The Scottish government has published The Redress for Survivors (Historical Child Abuse in Care) (Scotland) Bill to support victims and survivors of non-recent child abuse in care in Scotland.
The legislation will enable survivors of historical child abuse in care in Scotland to have the opportunity to apply for financial redress payments of up to £80,000. The Bill aims to provide tangible recognition of the harm caused to those who were abused as children in relevant residential care settings before 1 December 2004.
Deputy First Minister John Swinney said: “For decades, many children were failed by the institutions and people entrusted to look after them. Financial redress is an important part of doing what we can to address these failings.”
The Redress for Survivors (Historical Child Abuse in Care) (Scotland) Bill will set up a new independent body, Redress Scotland, to assess applications for financial redress.
Survivors will be able to apply for a fixed rate redress payment of £10,000 or an individually assessed redress payment which will involve a more detailed examination of their experience. The individually assessed redress payment levels are set at £20,000, £40,000 or £80,000.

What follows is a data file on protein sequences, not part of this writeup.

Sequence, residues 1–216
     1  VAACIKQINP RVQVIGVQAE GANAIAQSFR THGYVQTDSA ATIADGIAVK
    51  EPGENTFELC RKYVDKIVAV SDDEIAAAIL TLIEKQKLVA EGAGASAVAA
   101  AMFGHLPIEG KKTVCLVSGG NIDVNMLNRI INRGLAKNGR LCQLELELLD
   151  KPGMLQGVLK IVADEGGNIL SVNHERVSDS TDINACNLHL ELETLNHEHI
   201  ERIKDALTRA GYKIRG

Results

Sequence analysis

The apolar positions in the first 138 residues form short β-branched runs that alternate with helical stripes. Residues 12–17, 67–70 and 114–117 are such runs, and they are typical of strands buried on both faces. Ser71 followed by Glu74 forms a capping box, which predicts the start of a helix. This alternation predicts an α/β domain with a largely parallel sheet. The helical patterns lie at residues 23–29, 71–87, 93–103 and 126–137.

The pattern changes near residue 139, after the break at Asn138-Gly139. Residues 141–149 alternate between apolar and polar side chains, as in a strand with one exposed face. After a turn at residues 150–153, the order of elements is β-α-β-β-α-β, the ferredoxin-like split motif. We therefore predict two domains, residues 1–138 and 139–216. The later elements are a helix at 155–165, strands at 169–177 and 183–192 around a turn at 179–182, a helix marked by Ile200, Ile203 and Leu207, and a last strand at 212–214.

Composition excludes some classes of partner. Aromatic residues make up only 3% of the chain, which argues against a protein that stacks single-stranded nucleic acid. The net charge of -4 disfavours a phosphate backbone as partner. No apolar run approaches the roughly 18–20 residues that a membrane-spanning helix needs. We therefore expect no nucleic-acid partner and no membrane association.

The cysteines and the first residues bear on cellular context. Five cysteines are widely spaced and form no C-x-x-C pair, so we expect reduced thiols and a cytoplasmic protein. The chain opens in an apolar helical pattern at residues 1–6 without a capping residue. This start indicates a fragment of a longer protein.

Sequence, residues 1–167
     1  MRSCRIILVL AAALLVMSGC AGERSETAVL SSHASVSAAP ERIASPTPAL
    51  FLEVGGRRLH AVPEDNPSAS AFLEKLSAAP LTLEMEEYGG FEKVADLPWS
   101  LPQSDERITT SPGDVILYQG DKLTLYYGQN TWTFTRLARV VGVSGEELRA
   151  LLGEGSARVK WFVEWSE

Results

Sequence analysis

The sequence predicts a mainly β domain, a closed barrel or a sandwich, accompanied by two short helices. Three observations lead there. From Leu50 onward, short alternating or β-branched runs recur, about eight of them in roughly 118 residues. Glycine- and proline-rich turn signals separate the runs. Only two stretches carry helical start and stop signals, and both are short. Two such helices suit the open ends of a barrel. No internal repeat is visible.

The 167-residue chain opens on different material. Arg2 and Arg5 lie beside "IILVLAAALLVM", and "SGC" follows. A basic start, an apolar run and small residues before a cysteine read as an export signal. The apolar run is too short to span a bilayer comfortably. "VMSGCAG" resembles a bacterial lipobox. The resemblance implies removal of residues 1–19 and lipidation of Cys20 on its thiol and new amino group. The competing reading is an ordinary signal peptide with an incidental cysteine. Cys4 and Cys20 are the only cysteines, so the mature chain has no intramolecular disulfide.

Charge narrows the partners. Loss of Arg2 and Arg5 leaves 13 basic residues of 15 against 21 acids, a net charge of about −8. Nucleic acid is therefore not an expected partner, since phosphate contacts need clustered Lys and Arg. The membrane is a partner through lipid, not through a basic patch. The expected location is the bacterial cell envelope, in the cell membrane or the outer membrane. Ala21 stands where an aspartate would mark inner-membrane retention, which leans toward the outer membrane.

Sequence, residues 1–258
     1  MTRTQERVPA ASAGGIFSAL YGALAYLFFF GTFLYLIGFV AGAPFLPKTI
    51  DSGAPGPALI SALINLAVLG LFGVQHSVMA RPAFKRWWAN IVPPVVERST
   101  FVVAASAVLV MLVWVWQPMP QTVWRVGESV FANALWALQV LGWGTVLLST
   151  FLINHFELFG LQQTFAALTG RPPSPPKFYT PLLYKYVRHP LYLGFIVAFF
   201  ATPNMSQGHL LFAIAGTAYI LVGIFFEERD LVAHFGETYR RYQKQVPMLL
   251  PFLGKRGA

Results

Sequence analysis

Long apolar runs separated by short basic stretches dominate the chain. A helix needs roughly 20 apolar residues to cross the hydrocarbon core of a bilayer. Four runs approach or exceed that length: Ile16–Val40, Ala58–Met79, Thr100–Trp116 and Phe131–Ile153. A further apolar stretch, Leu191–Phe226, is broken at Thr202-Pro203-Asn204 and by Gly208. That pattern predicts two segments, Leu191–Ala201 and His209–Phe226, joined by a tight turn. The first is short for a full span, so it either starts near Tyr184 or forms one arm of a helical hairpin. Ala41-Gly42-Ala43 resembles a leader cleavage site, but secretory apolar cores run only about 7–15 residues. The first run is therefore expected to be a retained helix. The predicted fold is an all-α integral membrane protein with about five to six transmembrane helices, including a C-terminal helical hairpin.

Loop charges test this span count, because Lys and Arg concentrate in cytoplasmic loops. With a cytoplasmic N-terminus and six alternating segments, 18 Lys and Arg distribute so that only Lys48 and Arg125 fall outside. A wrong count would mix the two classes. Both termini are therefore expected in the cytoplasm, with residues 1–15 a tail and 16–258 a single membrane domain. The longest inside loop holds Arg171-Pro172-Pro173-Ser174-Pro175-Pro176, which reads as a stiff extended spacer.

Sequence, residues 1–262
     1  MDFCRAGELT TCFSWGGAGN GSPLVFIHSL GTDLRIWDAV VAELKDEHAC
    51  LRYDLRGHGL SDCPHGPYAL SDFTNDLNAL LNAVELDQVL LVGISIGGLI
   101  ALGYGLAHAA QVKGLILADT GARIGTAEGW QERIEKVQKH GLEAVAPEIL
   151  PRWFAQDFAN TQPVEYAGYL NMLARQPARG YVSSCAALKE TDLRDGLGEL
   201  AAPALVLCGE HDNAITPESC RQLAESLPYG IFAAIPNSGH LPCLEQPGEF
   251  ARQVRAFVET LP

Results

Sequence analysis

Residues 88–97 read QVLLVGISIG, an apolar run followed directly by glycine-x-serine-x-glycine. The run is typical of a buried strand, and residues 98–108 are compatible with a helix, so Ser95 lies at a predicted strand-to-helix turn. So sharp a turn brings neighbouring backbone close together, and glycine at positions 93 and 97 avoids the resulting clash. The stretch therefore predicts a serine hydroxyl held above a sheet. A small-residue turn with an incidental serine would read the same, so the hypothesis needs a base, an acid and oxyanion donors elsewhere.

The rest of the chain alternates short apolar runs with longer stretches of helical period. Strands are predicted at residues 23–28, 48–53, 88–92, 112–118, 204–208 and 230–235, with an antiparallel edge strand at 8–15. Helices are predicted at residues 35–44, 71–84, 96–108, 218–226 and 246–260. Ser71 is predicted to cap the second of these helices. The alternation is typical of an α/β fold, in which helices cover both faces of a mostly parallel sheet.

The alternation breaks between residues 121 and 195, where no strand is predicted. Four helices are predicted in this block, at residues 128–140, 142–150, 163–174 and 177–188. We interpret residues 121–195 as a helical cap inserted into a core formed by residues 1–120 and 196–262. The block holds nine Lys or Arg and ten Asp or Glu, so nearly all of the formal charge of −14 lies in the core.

The Bill seeks to establish a financial redress scheme that will be non-adversarial and sensitive to the needs of survivors. Importantly, it will offer a faster alternative to the civil court process and access to elements of non-financial redress such as therapeutic support.
In some circumstances, the next of kin of deceased survivors will be able to apply for a redress payment of £10,000.
The Scottish Government is seeking financial contributions from those involved in the care of children at the time they were abused.
Deputy First Minister John Swinney said: “The Redress for Survivors Bill will acknowledge and provide tangible recognition of harm as a result of historical child abuse in various residential care settings in Scotland. It will provide elements of accountability, justice and financial redress for those who wish to access it. The Bill seeks to put in place a scheme which treats survivors with dignity and respect and which faces up to the past with compassion.”
“Survivors of historical abuse in care have campaigned with dedication and perseverance for access to justice, improved accountability, and redress. They deserve to be listened to, heard and believed. This Bill is a tribute to their courage, determination and perseverance to ensure others never have to experience what they did,” he added.
Scotland’s statutory Redress scheme has been influenced by engagement and consultation with survivors.
More information about the Redress Scheme is available here.
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